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Record the data of the tasted wine in the fields at the top of the screen, and follow the tasting process step by step.
For aromas, you can also select the intensity which will be reflected in the tasting profile. The tasting profile at the bottom of the screen can be changed fast and easily: Just click on the term you want to change.
And now: 1. Assess the wine with your eyes. Clarity? Perlage? Surface? Colour and depth?
Now sample the wine with your nose.Purity? Intensity? Quality? Are floral notes dominant, or savoury or other notes? Don't strain yourself to find an aroma, sometimes wines have a simple or even nondescript aroma. On the other hand, there are wines in which you will smell wooden casks, flowers or fruit straightaway.
Now it's the mouth's turn.First impression? Sweetness? Acidity? Tannins? Body? Finish?
To wind up, summarize your sensations in an overall impression. Are they in harmony? Describe the wine's character – using the suggested terms or, with increasing practice, with your own descriptions.
There are different scales for grading wines. A possible evaluation system is awarding a maximum of 20 points, according to the following scheme: Appearance: up to 3 points Aroma: up to 6 points Flavour: up to 8 points Overall impression: up to 3 points Total: 20 points
Wine is a natural product, dependent on many factors.
A Cabernet Sauvignon, for instance, can taste different depending on origin, terroir, vintage, processing, storage etc.
The detailed information on wine characteristics will lead you on the right track in most cases.
Some characteristics are clear pointers to a certain grape variety, a region or a processing technique. Others are mere hints, identifying possibilities, without being unequivocably interpretable.
For a successful tasting, we recommend to ensure the following:
Wine tasting requires the full attention of your senses. A rested taster is a better taster.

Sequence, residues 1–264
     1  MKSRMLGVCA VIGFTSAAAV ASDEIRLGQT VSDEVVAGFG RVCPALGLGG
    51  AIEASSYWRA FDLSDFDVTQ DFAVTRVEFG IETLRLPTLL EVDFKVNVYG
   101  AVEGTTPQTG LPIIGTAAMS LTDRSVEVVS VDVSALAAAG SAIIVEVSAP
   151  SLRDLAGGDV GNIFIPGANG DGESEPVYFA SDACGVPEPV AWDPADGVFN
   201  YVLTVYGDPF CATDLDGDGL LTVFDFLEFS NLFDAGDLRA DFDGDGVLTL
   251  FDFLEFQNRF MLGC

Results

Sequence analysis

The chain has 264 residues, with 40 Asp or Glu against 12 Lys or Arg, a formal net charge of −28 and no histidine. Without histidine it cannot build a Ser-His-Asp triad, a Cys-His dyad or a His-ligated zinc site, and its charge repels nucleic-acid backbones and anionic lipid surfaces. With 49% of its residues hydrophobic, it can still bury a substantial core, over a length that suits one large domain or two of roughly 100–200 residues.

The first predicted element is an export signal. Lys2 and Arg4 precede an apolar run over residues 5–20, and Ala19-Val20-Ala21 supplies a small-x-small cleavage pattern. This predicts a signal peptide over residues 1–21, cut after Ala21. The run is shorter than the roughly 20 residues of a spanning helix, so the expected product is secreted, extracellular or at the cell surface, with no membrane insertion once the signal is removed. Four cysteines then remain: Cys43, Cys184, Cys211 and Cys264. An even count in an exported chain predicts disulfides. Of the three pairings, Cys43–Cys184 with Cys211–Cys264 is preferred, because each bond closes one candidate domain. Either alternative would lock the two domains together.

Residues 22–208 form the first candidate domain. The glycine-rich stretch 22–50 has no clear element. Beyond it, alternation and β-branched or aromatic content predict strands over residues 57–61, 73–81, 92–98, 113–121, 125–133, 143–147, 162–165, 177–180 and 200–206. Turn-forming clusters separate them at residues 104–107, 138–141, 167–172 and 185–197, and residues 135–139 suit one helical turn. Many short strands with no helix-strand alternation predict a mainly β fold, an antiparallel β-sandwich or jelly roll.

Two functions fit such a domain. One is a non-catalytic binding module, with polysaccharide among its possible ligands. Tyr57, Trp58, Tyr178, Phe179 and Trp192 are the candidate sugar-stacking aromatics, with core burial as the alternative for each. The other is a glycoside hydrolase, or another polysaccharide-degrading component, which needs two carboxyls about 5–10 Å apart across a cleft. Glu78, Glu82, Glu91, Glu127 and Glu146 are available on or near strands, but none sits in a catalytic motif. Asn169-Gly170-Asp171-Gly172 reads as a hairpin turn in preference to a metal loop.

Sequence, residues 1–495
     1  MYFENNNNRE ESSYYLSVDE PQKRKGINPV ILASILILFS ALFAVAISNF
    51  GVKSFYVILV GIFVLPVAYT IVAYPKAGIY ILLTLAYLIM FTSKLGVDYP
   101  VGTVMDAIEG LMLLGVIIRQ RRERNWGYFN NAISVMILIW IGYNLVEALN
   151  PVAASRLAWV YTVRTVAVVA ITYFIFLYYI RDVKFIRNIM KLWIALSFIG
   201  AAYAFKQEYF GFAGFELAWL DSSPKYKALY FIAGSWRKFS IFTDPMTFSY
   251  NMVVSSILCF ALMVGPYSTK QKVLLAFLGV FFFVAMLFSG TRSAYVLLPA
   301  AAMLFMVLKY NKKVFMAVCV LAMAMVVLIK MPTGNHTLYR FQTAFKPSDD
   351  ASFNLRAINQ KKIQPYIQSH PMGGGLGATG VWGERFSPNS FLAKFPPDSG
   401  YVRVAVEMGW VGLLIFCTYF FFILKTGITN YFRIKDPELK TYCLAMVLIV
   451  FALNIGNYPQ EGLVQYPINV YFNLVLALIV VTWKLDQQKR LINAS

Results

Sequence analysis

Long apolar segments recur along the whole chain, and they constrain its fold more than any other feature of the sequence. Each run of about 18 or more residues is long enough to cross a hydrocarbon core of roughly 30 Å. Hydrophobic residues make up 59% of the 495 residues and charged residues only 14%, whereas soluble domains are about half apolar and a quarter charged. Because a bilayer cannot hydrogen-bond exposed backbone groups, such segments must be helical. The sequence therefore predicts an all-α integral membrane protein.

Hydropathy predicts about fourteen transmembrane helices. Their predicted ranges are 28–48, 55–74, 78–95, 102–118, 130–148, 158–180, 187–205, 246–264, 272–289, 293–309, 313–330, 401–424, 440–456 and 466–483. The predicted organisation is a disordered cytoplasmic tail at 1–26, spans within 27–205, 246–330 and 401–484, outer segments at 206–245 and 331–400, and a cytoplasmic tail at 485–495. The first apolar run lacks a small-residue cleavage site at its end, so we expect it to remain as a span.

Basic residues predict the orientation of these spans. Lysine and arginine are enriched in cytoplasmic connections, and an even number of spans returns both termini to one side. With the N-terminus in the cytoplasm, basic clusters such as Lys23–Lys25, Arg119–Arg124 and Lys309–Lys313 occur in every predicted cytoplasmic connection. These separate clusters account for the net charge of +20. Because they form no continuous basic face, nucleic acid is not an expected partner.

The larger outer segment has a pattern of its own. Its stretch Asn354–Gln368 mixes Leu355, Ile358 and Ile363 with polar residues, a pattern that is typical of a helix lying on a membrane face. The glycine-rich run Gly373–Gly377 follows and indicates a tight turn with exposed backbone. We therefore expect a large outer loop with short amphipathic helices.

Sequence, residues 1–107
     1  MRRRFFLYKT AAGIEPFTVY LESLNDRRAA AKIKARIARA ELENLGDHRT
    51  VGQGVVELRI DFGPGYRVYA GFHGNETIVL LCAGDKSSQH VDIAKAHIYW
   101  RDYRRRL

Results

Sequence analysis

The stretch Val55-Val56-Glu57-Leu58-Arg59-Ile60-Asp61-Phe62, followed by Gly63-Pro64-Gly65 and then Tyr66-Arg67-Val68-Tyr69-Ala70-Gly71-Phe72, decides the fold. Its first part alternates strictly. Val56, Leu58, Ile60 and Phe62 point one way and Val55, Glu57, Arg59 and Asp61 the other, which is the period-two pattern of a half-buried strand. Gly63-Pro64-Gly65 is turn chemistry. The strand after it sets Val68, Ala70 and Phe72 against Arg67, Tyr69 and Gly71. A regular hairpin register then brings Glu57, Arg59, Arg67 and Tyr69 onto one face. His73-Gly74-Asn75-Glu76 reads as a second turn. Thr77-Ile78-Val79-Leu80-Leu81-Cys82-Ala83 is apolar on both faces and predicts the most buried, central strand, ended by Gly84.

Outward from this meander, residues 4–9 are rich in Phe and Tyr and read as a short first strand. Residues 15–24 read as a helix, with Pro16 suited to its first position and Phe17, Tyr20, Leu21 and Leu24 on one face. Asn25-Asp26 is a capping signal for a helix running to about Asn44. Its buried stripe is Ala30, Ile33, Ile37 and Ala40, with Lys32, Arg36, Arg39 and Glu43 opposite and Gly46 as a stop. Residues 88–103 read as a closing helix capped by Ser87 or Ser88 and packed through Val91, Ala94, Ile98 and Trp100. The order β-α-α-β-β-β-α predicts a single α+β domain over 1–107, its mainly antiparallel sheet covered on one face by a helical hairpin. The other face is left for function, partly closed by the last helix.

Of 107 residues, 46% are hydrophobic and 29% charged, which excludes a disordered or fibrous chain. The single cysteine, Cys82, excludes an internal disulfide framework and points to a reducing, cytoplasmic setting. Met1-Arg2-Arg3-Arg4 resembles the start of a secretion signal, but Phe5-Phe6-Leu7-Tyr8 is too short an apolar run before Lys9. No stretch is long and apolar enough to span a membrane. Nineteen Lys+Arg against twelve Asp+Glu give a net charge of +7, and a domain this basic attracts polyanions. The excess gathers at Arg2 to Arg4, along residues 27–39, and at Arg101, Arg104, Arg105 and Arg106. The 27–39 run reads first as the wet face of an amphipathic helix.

Your olfactory and gustatory nerves should not be exhausted by a previous meal or tobacco smoke.
Wine tasting is not a hectic activity. You need time to feel out the magic of a wine. The best time: just before lunch or dinner.
The air should be free of alien smells. For optical evaluation of the wine, you will need good light and a white tablecloth as a backdrop.
Colored glasses are useless! The standardized INAO glass is perhaps best for tastings. It is filled with approx. 40 to 50 ml of wine up to about the widest part. Try this: Sample the same wine with different glasses - you will be amazed how different it tastes.
Mass-produced wines are good for practising but not much fun in the taste section. Good quality opens new sensations! For direct comparison, sample bottles of different price categories at the same time.
Aroma and taste unfold differently at different temperatures. Therefore, drinking temperature is a central issue.
You will need a little practice to develop accuracy in characterization.
It is important that you proceed systematically to sharpen your senses. Nature and kitchen offer many possibilities to excite and educate our starved sensory organs.
Comparing flavours and increasing practice create a good base for understanding a wine. The more you've experienced, the freer you will be in using your own standards for tasting wine, uninfluenced by know-it-alls and beautiful labels.
Don't let the game of analysis and counter-analysis spoil your enjoyment of wine. Playful curiosity and pleasure in getting to know new wines are the best way for fast progress in tasting.